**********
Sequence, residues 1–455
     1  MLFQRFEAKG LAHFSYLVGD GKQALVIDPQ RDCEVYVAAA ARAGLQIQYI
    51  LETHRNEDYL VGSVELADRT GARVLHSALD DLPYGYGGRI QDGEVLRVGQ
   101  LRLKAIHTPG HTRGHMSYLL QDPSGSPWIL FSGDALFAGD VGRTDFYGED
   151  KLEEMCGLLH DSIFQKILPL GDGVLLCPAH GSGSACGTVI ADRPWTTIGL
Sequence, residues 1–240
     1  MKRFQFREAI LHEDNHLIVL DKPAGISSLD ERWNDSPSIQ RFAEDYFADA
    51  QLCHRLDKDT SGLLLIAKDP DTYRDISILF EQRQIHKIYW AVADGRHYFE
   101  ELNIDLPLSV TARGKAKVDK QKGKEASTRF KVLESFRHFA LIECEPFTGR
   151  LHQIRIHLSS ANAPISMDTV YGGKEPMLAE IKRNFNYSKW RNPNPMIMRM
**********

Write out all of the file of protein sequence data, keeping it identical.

Sequence, residues 1–455
     1  MLFQRFEAKG LAHFSYLVGD GKQALVIDPQ RDCEVYVAAA ARAGLQIQYI
    51  LETHRNEDYL VGSVELADRT GARVLHSALD DLPYGYGGRI QDGEVLRVGQ
   101  LRLKAIHTPG HTRGHMSYLL QDPSGSPWIL FSGDALFAGD VGRTDFYGED
   151  KLEEMCGLLH DSIFQKILPL GDGVLLCPAH GSGSACGTVI ADRPWTTIGL
Sequence, residues 1–240
     1  MKRFQFREAI LHEDNHLIVL DKPAGISSLD ERWNDSPSIQ RFAEDYFADA
    51  QLCHRLDKDT SGLLLIAKDP DTYRDISILF EQRQIHKIYW AVADGRHYFE
   101  ELNIDLPLSV TARGKAKVDK QKGKEASTRF KVLESFRHFA LIECEPFTGR
   151  LHQIRIHLSS ANAPISMDTV YGGKEPMLAE IKRNFNYSKW RNPNPMIMRM